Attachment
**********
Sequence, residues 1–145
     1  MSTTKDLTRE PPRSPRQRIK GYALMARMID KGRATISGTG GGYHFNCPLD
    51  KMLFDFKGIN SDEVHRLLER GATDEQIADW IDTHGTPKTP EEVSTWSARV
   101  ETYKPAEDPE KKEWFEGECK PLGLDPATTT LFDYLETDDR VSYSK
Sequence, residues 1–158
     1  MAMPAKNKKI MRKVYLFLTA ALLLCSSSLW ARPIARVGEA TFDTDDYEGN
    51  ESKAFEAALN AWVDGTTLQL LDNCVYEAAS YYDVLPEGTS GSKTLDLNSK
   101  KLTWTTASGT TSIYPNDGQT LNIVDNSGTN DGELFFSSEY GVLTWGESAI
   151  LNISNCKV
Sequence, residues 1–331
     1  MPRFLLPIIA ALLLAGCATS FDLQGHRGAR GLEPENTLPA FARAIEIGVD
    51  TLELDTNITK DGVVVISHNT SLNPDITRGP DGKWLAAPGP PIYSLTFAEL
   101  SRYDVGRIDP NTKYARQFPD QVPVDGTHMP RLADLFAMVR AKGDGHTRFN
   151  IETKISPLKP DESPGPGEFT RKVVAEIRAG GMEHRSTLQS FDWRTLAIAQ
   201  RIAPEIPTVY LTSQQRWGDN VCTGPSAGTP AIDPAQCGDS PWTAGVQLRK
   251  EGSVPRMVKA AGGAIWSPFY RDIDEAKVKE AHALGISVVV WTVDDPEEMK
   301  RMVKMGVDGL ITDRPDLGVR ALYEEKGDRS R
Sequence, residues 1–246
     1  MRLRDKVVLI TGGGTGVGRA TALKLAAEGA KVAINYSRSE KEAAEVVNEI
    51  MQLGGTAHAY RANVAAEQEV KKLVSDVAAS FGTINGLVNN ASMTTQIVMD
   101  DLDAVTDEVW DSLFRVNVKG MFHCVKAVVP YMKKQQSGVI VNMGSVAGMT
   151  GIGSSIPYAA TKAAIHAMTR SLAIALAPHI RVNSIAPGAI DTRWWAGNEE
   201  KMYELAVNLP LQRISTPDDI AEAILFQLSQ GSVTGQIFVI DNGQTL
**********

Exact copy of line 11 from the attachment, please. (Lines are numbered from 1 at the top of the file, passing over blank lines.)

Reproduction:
     1  MPRFLLPIIA ALLLAGCATS FDLQGHRGAR GLEPENTLPA FARAIEIGVD